The first in a series of ‘round-the-world photo essays that will also spotlight Iran, Iraq, Syria, North Africa, West Africa, Europe, and other destinations
He looked to be nine years old, and in the middle of a Pakistani park, in the middle of a bright spring day, he decided to do a headstand. Nearby, a boy his same age watched in amusement. Suddenly, a group of young Pakistani men stumbled upon the boy’s acrobatics. What happened next shouldn’t have surprised me: The men laughed. Pakistan. Nineteen ninety-four. A more innocent time in the country’s history. I lived there then, and I happen to photograph the headstand in all its glory. This is a side of Pakistan that still exists – a “normal” side that’s independent of the suicide bombings and political violence that have stained the country for much of the last decade. The photographs and video clips that emanate from Pakistan these days are soaked in bloodshed. Looking back at my time there, I realize how privileged I was to experience a period of relative calm – a period when a visiting American could approach strangers in Peshawar, Islamabad, Karachi and Lahore, and talk at ease – about Pakistan, the United States, foreign affairs, Pakistani and American music, you name it. Of course there were awkward situations when language barriers became an issue, but more often than not, there were smiles and recognition of moments that somehow seemed special.
All of these photos were taking during the 1993-1994 academic year, when I taught at Punjab University in Lahore, which is Pakistan’s cultural capital. Each of these photos tells a small story. I’m retelling those stories here and in the photo essays to come, which will spotlight more of Pakistan and spotlight other countries – particularly those in the greater Middle East and West Africa, where I’ve traveled extensively. First stop, though: Pakistan. The second-most populous Muslim nation in the world (after Indonesia), with 175 million people, Pakistan offers stunning contrasts and contradictions. In the country’s west, on the border with Afghanistan, are areas where the Taliban inspire fear and loyalty. In the east, bordering India, is a city like Lahore, where music – both secular and religious – pours from the streets. These 10 photos offer a glimpse at Pakistan’s recent past, when the Taliban had not yet been born. Pakistan is still a young country, created from the partition of India after World War II. Muhammad Ali Jinnah, Pakistan’s founding father, said of his country in 1948: “The story of Pakistan, its struggle and its achievement, is the story of great human ideals struggling to survive in the face of odds and difficulties.” Those ideals are on display here.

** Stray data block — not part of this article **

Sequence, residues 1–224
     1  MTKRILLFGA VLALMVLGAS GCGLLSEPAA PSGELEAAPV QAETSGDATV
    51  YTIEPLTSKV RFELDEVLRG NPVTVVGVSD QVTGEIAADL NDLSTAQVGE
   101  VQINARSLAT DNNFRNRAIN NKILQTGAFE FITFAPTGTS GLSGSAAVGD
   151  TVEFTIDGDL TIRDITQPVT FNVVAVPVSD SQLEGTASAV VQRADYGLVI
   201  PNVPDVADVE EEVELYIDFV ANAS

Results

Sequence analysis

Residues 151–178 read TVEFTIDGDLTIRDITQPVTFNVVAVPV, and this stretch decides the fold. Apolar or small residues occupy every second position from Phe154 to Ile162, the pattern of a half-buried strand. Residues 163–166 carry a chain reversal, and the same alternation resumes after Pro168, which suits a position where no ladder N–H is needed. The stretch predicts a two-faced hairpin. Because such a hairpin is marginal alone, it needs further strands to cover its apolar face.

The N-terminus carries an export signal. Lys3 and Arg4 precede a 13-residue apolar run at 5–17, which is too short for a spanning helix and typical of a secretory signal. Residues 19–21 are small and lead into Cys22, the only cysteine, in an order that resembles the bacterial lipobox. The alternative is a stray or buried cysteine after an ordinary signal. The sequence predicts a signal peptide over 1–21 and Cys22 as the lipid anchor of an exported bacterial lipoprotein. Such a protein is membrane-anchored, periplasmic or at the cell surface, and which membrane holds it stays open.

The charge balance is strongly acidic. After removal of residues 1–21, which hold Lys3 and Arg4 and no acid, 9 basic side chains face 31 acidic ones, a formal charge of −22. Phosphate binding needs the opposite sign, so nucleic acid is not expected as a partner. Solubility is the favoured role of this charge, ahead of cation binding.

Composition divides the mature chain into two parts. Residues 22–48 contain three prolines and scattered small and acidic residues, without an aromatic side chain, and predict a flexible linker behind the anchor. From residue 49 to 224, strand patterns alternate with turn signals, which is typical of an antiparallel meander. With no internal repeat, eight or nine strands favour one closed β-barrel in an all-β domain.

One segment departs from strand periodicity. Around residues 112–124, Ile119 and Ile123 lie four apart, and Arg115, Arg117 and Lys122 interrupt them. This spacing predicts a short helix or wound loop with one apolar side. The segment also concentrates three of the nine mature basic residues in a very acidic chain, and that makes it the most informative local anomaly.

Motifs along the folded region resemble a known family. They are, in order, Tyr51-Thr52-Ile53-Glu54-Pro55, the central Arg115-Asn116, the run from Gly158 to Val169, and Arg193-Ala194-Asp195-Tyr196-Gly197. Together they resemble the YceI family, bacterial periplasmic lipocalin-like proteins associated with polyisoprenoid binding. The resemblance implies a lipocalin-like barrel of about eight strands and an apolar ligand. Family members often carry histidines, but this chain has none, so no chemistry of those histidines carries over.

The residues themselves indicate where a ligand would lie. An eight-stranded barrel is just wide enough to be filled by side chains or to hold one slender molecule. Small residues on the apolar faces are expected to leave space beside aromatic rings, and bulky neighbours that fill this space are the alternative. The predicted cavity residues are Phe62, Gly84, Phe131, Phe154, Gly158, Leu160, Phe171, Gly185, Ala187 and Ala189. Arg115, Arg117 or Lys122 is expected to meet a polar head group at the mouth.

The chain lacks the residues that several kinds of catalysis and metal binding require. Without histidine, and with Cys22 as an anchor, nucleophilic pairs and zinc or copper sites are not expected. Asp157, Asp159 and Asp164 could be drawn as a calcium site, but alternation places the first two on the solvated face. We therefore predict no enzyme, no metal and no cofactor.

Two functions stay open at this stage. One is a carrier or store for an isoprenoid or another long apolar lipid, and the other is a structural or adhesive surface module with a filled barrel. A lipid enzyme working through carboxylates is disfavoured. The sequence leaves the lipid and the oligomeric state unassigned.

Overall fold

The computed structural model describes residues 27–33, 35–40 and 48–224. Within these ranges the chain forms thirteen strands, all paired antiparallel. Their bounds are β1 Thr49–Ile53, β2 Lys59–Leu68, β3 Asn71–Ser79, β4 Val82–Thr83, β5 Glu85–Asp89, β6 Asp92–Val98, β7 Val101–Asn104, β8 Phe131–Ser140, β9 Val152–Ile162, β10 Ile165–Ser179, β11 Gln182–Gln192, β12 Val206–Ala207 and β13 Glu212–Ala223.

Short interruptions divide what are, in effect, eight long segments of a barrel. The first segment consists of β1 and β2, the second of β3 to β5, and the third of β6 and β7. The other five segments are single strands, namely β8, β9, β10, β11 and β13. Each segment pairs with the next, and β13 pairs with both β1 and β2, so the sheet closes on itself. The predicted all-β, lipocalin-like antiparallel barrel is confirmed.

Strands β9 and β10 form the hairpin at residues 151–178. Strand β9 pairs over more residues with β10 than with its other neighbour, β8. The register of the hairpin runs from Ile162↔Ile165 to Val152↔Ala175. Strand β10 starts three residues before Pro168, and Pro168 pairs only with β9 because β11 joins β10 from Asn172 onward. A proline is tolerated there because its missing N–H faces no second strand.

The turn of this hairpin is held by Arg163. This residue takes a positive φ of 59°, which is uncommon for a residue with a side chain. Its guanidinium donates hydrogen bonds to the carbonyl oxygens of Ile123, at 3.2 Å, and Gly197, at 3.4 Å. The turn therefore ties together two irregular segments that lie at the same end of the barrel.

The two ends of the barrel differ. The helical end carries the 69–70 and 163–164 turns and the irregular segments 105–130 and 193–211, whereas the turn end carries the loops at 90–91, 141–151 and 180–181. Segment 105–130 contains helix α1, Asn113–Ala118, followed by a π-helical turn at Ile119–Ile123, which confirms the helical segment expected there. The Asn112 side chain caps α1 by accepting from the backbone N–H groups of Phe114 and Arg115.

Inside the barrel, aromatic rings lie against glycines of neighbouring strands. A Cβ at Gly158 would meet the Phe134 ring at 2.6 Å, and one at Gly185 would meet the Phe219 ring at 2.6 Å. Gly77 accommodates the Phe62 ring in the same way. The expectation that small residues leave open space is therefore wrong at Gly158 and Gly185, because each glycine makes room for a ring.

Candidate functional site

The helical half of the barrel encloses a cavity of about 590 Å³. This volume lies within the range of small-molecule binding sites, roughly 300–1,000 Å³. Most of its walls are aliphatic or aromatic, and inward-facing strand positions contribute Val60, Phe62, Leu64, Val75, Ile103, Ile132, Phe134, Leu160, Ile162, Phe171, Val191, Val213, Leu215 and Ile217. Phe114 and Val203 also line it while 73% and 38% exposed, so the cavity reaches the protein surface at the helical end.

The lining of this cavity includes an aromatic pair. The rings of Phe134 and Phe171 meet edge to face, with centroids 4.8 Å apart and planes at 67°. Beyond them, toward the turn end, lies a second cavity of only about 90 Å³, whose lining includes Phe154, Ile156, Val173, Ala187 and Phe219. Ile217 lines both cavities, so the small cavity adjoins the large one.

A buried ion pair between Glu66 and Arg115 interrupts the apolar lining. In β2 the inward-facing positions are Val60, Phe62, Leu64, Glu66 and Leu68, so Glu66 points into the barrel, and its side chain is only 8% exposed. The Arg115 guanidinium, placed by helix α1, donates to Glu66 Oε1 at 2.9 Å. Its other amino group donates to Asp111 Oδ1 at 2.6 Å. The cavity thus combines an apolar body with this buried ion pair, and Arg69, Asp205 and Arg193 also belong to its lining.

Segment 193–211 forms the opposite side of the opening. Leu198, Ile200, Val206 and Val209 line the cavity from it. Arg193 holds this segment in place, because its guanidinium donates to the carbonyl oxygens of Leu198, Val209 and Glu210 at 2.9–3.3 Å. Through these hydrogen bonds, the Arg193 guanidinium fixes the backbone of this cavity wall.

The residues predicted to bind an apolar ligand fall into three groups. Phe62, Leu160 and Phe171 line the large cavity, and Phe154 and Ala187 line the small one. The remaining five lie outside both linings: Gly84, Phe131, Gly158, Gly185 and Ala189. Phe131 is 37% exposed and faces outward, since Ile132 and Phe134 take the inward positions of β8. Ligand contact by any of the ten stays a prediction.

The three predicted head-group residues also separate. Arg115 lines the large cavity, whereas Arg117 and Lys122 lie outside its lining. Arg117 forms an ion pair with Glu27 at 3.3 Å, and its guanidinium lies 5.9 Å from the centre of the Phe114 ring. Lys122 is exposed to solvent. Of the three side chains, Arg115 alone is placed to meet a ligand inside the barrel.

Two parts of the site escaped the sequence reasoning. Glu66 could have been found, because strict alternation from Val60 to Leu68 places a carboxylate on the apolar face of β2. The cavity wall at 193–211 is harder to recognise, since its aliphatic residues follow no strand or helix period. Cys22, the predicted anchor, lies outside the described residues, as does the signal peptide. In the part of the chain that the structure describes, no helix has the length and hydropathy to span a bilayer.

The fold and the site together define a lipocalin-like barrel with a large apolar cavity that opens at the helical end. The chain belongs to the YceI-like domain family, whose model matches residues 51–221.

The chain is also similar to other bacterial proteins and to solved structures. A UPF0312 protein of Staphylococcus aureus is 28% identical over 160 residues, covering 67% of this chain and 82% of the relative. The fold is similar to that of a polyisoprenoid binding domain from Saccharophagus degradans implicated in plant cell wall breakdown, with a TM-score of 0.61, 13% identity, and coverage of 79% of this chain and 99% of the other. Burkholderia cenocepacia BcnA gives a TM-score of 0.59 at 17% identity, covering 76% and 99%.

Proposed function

Headstand in Lahore: In a metropolis of more than seven million people, it can be difficult to find a place for respite, but Lahore has beautiful parks and gardens, including Jilani Park, where I took this photo. The headstand was impromptu, as were the reactions of the men walking by. Jilani Park is where people go for strolls, and to see the occasional polo match at the Lahore Polo Club, which buttresses the park. (In this photo, you can see a horse and its rider in the background.) The head-standing boy is lucky he’s not wearing shalwar kameez, the traditional Pakistani outfit that features a long, loose-fitting top going down to the knees. Such a shirt would have flopped down and covered his eyes, obscuring the fact that I was delighted to take his photo. (The boy’s friend has on shalwar kameez, as do most of the passers-by.) In my memory of that day, the head-standing youngster continued his acrobatics for many minutes. He was proud to show off his agility. And seeing the world upside down can be an interesting escape from the everyday routine.
Bicyclist in Lahore: I was walking along a roadway late at night, going home after visiting a friend, when a bicyclist pulled up. He spoke not a word of English, and my Urdu was pathetic. Through gestures, he expressed disbelief that I would have to walk along the corridor as midnight approached. Would I like a ride? I looked at his bike, which wasn’t a two-seater. He pointed at the back – at the bookrack that hung over the rear wheel. Getting a ride from strangers in the middle of the night isn’t always a good idea, but his offer was so sincere that I said yes. Countless Pakistanis greeted me that way – treating me as a guest, even if they met me at an odd hour. I sat on the back of this man’s bicycle as we made our way to Gulberg, the area in Lahore where I lived. The moon beamed overhead. The air was still, except for the sound of our bike going over pavement and the occasional bump. When we got to Gulberg, I thanked the bicyclist for his generosity, then asked if I could take his photo. As he looked into the camera, he kept the same dignified pose that he had when he first stopped for me. In that instant, I thought I was the luckiest person on earth. To me, he represented Pakistan at its best.